"Fishy" Topic – The Omega 3s

The hype on Omega 3 fats has been on the rise as more studies continue to demonstrate their health benefits. So, what are they? Where to find them & how much are we meant to have?

Omega 3 fatty acids are a class of polyunsaturated fats (aka “good fats”) that need to be obtained from the diet. EPA (eicosapentaenoic acid) and DHA (docosahexaenoic acid) are the type of omega-3 fatty acids which are believed to be the most valuable forms of omega-3 for our body. Omega 3s are found in both plant and marine foods, but it is the omega-3 fats from marine sources that have the strongest evidence for health benefits. They play a role in:

  • Lowering triglyceride levels (a type of fat in the blood)
  • Lowering high blood pressure
  • Improving symptoms of arthritis
  • Aiding the treatments of mental illness such as depression, bipolar disorders & ADHD However, more research is needed in this area.
  • Helping heart function by improving the elasticity of blood vessels & blood thinning

The best sources of omega 3 fatty acids are oily fish such as salmon, tuna, mackarel, sardines & trout. Omega 3s are also found in vegetable oils and seeds. For general health, guidelines recommended a daily amount of omega 3 fatty acids between 400-600mg. Specific guidelines for lowering triglycerides or blood pressure recommend an intake between 2000 – 4000 mg.

The following are estimates of the content of omega 3s per 60g serve of varieties of fish:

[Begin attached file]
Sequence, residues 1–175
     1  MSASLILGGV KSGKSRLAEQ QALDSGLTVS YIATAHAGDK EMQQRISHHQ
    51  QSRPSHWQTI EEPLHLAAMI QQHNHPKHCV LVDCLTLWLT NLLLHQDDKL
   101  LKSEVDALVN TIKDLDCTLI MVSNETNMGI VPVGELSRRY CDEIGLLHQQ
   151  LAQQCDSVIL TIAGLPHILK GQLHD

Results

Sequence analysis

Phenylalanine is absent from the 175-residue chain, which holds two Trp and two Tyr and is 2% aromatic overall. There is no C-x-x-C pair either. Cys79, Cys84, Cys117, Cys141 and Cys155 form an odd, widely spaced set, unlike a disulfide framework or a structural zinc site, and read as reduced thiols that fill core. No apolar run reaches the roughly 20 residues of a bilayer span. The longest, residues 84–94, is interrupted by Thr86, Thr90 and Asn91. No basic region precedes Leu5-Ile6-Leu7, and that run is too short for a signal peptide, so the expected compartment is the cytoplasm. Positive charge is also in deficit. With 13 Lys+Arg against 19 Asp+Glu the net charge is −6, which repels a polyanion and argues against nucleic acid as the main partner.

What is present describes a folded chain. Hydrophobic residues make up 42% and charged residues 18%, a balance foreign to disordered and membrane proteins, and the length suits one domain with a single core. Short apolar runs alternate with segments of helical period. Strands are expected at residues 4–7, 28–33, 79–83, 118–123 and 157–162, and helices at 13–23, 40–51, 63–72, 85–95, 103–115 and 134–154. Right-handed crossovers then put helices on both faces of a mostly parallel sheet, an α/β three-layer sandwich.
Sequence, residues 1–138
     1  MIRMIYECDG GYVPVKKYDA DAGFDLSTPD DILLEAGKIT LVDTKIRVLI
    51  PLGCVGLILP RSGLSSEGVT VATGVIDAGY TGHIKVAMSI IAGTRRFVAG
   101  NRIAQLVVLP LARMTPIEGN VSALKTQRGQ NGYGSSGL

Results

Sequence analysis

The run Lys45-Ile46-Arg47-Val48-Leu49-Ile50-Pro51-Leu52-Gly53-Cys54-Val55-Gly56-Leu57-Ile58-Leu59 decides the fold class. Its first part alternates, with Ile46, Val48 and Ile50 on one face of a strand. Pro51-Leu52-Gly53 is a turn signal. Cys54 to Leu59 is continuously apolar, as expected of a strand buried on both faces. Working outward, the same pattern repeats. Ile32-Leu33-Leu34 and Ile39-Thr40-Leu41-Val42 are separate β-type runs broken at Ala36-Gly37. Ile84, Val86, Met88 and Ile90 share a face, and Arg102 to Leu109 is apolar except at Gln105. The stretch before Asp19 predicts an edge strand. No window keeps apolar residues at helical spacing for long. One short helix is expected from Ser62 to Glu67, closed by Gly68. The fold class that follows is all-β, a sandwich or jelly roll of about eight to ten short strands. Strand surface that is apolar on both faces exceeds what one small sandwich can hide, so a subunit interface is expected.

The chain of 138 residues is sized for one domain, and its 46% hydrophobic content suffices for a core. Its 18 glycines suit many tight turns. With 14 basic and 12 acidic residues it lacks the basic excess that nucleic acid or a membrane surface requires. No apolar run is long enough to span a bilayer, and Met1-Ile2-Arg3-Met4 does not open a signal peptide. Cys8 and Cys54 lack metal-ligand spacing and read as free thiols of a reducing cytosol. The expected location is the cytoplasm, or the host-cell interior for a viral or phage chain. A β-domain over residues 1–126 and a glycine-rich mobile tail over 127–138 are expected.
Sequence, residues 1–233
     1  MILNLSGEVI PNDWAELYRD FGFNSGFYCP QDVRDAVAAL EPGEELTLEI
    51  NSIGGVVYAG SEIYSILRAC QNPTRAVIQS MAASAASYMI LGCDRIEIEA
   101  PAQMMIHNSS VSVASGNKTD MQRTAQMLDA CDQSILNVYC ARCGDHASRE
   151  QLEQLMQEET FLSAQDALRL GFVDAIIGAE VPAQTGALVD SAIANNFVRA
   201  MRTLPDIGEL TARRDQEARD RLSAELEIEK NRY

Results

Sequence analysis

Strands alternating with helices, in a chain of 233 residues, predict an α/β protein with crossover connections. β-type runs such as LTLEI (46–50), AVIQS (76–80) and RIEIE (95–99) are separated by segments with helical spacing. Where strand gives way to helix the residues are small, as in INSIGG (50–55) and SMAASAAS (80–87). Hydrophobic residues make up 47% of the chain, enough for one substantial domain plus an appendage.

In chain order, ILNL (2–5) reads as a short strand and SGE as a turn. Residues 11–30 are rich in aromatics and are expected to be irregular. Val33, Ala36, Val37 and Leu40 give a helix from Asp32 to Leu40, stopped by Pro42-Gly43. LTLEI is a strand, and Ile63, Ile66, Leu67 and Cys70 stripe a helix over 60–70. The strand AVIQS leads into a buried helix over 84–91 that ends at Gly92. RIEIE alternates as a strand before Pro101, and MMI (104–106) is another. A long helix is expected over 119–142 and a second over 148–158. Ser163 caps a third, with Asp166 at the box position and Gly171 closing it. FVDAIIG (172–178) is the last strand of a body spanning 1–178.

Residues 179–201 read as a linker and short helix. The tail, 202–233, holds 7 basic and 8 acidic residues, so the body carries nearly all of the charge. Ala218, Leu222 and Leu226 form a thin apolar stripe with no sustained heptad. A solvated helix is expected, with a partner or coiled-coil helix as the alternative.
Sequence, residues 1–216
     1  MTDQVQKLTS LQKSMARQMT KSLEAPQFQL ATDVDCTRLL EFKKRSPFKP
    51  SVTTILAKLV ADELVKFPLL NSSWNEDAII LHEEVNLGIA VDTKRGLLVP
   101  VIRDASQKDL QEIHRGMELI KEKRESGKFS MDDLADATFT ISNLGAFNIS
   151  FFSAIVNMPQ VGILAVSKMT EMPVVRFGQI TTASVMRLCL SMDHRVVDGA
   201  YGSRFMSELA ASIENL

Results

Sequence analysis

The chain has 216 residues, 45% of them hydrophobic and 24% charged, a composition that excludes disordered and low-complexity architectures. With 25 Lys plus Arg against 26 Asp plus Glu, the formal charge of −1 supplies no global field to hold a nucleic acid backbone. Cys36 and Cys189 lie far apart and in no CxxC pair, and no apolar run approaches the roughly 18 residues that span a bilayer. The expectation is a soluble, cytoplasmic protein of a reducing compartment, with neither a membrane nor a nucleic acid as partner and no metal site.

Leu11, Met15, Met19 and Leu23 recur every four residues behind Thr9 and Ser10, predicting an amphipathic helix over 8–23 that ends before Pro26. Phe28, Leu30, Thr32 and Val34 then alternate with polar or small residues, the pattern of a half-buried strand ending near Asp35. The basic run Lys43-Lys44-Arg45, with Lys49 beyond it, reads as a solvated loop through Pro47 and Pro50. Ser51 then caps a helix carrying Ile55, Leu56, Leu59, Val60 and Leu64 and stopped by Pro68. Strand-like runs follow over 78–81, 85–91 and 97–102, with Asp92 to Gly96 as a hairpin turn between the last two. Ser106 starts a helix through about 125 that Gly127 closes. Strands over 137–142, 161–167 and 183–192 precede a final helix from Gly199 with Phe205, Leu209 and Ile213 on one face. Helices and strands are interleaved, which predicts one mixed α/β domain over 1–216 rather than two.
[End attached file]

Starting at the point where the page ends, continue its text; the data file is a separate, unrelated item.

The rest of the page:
• Salmon (fresh Atlantic) 1,200mg
  • Smoked salmon 1,000mg
  • Canned salmon 500mg
  • Sardines 1,500mg
  • Trout 350mg
  • Scallop or calamari 200mg
  • Sea mullet, abalone 170mg
  • Canned tuna 145mg

For those who do not consume fish:

  • Include oils and margarines high in canola, walnut or soybean oils
  • Have a small handful of walnuts as a snack or add to a salad
  • You can also choose foods fortified with omega-3 fatty acids

Fish Oil Supplements

Now, I always recommend the “au natural” way to obtain your nutrients i.e. best sources are from food. However, for those who do not consume foods rich in omega 3s, including a fish oil supplement to boost their intake is OK. When looking for supplements, choose the ones with the highest EPA and DHA content. Typically, one capsule contains 1000mg of fish oil which will provide 180mg of EPA and 120mg of DHA, giving a total marine omega-3 content of 300mg. So to achieve 500mg every day, you may need to have a supplement of 1 or 2 capsules. As I always say, before commencing supplements – ask for professional advice!

!!Note!! Fish oil is known to have an anti-clotting effect so supplements are not usually advised for those on anticoagulants or blood thinning medication (Warfarin, Heparin) as it prolongs bleeding times, or for those with bleeding disorders. For more information, ask your doctor.

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